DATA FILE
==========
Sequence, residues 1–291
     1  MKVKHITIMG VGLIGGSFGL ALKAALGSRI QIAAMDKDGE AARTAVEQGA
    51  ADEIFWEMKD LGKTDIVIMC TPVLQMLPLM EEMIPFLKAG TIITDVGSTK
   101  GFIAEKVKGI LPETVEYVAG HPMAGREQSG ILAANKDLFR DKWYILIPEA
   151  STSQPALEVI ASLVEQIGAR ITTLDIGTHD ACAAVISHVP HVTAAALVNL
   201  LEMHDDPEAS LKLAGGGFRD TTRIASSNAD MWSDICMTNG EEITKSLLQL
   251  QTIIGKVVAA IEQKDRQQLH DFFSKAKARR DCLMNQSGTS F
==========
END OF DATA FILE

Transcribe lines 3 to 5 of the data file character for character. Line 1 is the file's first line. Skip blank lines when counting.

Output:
    51  ADEIFWEMKD LGKTDIVIMC TPVLQMLPLM EEMIPFLKAG TIITDVGSTK
   101  GFIAEKVKGI LPETVEYVAG HPMAGREQSG ILAANKDLFR DKWYILIPEA
   151  STSQPALEVI ASLVEQIGAR ITTLDIGTHD ACAAVISHVP HVTAAALVNL